As the local elections approach, the government will try to please the voters with the ease of austerity policies, but despite that fact, the government seems to be very popular among the citizens, with Costa being the most popular leader. They should use their favorable position and keep on expanding the space for improvement and the economy will keep growing in all sectors, especially tourism if they boost quality tourism measures.

Why don‘t Portuguese use their gold reserves to solve the debt issues?

Did you know that Portugal owned the second largest gold reserve and that 383 tons were stored away in Bank of Portugal? Why don’t they sell it and help pay the country‘s debts? Before we answer that question, you probably want to find out how Portugal got in ownership of all that gold? The answer is kind of gloomy and it involves their dark past. The greatest part of the gold came from the Germans during the WWII, vaulted from the central banks of Europe and sadly and disturbingly from the Holocaust victims. Wolfram, a rare ore used to harden steel, mined in Portugal, was very important for German armaments industry, so the Portuguese were trading wolfram and making a fortune at that time. In comparison to other European countries, the Portuguese national bank wasn’t shy about selling their gold reserves in the early eurozone days, but they stopped selling it in 2007. – when the crisis hit, they left their gold reserves untouched. The reasons for this decision may be various: perhaps they wanted to keep the rest of their reserves for themselves, or what is more likely, the government did not have direct access to the fortune since central banks are independent institutions.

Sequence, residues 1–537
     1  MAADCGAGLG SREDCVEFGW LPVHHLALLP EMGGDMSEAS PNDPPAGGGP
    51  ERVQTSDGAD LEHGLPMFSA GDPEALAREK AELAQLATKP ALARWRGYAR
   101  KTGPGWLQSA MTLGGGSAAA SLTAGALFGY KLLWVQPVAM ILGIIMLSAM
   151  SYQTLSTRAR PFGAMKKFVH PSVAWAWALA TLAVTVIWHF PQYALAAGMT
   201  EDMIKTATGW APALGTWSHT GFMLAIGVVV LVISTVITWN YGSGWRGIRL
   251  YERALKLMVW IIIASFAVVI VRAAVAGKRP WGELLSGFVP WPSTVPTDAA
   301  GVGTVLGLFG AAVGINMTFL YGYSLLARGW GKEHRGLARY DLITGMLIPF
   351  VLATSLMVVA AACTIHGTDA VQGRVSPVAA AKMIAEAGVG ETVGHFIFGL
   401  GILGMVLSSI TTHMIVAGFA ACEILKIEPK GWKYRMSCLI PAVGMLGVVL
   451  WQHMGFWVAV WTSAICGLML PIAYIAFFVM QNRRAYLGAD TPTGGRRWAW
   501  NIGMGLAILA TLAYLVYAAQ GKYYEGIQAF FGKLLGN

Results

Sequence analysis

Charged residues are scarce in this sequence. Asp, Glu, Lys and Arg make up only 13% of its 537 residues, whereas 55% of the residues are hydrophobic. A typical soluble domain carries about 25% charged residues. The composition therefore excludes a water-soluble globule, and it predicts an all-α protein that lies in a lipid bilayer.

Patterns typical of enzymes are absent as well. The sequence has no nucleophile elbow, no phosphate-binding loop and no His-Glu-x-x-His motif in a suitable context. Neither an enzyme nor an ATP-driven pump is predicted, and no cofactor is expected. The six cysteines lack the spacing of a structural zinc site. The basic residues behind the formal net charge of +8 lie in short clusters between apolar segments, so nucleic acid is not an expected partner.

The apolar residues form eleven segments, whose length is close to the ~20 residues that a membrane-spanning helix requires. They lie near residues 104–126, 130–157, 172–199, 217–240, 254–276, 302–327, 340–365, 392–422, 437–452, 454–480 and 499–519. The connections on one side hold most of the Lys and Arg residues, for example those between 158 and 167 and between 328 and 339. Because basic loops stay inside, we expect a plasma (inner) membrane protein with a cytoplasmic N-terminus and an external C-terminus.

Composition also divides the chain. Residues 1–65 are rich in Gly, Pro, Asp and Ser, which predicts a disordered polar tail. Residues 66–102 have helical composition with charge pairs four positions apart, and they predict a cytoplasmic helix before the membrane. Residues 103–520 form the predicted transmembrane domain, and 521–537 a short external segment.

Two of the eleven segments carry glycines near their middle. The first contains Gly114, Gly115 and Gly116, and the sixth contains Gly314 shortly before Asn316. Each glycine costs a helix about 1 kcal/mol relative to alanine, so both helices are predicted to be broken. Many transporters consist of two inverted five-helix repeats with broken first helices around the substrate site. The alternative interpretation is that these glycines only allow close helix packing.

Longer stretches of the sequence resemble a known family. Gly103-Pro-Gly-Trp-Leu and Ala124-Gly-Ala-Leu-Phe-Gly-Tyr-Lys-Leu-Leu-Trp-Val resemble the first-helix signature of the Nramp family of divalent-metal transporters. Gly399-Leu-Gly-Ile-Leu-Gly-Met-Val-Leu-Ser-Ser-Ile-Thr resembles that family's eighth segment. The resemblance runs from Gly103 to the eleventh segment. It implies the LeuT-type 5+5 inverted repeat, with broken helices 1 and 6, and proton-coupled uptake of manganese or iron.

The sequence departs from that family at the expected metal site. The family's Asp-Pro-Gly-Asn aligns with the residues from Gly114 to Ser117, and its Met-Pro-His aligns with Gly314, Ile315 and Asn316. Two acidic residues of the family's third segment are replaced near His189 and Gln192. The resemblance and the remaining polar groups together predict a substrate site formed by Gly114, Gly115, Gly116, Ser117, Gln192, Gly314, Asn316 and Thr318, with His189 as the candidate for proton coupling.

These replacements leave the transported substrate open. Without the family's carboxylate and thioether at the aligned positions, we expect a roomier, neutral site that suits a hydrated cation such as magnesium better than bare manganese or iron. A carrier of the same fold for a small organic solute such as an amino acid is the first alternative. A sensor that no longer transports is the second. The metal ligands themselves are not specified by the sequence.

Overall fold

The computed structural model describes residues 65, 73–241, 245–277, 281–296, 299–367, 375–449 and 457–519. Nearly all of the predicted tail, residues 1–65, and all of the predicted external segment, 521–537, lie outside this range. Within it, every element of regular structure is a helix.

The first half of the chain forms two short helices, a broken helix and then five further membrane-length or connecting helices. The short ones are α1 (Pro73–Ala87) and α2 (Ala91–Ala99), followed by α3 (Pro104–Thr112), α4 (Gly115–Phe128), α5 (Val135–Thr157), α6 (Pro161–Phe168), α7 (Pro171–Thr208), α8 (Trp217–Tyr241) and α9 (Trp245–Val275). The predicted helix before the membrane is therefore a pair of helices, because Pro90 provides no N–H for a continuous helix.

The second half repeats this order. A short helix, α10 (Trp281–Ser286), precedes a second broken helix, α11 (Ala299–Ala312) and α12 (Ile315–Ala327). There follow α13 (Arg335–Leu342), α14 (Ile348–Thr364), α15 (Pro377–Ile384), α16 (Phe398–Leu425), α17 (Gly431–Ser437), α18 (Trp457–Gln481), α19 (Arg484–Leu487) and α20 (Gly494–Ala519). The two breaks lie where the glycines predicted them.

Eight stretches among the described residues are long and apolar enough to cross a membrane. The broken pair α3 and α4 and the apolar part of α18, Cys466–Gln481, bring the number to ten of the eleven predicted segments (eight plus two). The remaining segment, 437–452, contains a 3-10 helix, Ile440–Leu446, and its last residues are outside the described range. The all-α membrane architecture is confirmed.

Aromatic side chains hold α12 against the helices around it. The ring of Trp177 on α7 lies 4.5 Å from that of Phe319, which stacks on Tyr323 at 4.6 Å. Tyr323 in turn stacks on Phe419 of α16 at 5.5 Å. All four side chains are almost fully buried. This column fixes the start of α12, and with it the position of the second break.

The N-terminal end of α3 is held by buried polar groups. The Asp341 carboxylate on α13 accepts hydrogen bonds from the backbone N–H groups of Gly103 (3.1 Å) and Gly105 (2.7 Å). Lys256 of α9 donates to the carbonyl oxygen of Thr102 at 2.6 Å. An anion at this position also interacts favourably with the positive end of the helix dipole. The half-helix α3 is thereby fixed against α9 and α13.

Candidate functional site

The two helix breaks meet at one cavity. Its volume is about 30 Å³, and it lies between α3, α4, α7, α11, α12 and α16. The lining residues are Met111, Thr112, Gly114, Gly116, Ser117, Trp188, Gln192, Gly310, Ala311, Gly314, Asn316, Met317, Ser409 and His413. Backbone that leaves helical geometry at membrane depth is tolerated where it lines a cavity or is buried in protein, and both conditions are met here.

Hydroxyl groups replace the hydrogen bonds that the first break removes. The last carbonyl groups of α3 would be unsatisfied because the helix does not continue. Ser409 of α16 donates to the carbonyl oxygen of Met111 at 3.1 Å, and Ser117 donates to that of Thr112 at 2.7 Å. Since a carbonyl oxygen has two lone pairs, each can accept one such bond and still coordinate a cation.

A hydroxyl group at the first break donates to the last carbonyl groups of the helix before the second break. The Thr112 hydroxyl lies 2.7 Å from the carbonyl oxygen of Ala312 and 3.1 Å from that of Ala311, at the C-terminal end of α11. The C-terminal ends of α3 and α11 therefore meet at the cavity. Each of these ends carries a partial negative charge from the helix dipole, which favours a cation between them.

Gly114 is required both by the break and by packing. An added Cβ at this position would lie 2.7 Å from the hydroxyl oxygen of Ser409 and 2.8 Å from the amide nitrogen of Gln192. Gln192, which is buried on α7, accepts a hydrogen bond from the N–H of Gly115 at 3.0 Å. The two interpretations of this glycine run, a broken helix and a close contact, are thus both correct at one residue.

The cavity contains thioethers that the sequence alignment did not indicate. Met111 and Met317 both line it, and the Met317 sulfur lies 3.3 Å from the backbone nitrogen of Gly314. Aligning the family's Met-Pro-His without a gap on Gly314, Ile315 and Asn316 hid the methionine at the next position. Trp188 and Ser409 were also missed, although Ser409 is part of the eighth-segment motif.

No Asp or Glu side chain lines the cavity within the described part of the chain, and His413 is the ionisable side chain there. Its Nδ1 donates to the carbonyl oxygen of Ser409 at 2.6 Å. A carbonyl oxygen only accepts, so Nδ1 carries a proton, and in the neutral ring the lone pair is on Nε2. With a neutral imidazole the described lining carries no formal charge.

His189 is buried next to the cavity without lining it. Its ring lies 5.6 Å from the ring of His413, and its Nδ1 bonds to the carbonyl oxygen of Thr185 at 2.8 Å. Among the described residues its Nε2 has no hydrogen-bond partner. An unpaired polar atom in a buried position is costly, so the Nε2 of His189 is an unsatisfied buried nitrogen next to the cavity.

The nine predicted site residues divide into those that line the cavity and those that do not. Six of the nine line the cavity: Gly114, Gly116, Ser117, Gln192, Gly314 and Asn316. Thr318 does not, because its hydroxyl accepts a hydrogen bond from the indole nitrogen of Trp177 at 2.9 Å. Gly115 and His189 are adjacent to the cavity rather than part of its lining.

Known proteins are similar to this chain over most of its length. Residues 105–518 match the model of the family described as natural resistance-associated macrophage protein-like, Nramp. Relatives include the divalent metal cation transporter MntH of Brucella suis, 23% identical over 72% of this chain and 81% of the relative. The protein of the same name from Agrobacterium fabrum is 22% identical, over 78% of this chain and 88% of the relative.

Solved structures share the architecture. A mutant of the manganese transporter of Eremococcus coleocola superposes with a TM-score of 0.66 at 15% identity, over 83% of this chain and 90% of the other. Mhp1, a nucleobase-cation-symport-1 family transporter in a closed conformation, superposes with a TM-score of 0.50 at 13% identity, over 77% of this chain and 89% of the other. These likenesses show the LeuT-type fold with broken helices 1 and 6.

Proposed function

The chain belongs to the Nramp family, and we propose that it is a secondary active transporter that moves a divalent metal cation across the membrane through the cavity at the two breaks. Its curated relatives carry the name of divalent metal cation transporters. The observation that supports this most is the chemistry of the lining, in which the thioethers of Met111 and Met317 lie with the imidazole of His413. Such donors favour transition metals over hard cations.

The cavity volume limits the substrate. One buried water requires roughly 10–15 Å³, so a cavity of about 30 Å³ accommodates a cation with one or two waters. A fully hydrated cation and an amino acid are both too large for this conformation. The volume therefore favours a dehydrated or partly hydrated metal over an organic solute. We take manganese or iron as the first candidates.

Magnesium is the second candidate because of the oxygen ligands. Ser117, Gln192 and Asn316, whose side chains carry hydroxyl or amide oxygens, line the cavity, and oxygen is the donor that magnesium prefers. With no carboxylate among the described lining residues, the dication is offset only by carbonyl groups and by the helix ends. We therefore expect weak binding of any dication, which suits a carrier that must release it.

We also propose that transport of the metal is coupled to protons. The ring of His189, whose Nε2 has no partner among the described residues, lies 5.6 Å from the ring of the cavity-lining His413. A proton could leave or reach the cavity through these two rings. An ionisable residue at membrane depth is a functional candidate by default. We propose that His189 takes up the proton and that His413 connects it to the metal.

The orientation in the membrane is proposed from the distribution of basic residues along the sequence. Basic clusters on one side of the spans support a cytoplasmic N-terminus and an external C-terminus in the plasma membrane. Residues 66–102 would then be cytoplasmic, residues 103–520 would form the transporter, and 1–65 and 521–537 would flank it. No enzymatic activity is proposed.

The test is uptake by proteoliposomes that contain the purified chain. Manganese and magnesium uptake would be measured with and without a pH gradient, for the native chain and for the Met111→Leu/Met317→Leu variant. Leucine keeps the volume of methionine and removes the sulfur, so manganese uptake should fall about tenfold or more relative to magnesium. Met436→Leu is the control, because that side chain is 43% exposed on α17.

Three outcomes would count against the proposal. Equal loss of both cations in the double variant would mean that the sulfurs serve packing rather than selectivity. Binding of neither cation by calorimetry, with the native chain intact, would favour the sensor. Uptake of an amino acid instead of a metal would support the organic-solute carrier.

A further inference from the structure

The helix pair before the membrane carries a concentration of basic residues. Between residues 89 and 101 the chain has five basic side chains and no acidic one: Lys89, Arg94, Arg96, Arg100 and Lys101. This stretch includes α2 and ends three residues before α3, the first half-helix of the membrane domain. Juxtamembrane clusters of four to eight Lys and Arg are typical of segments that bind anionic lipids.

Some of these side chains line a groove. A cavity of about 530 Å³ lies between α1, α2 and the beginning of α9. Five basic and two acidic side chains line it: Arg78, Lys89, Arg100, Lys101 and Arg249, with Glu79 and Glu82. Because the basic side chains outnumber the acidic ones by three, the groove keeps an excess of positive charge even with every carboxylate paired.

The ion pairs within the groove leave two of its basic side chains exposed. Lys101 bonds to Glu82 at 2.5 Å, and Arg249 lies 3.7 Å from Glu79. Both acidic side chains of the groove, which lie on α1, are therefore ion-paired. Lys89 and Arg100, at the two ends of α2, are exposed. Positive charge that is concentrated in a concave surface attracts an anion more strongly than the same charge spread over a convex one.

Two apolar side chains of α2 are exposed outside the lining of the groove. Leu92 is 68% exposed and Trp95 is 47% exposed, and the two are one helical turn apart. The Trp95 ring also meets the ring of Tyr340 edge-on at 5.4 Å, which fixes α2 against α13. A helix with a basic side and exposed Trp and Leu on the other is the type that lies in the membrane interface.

Portugal‘s forecast improves but growth challenges remain

Despite the growth indicators, Portugal must convey further reforms in the terms of investment, competitiveness and public debt. Fiscal loosening will finally turn debt towards a steady downward path, and Portuguese economy will become more flexible to future shocks and instabilities. The drop in unemployment is, by all means, good news and labor markets should be main areas for the reform. However, unemployment is still high among the young people and the current practices in employing policy must be altered offering more flexible contracts with better benefits for both permanent and temporary contracts. The gap must be smartly bridged enabling a fair labor market for all! As for the banking sector is concerned, they should finally come up with a solution how to deal with nonperforming loans. Small and medium-sized enterprises are not allowed to invest because banks are reluctant to give them loans and, as a result, they accumulate low growth and excessive leverage. Banks should cut costs, and limit the branch network cause it‘s too big to serve the financial service needs. New loan policies must be established and directed towards new sectors. Also, nonperforming assets must be written off, in order for the economy to see positive results in the future.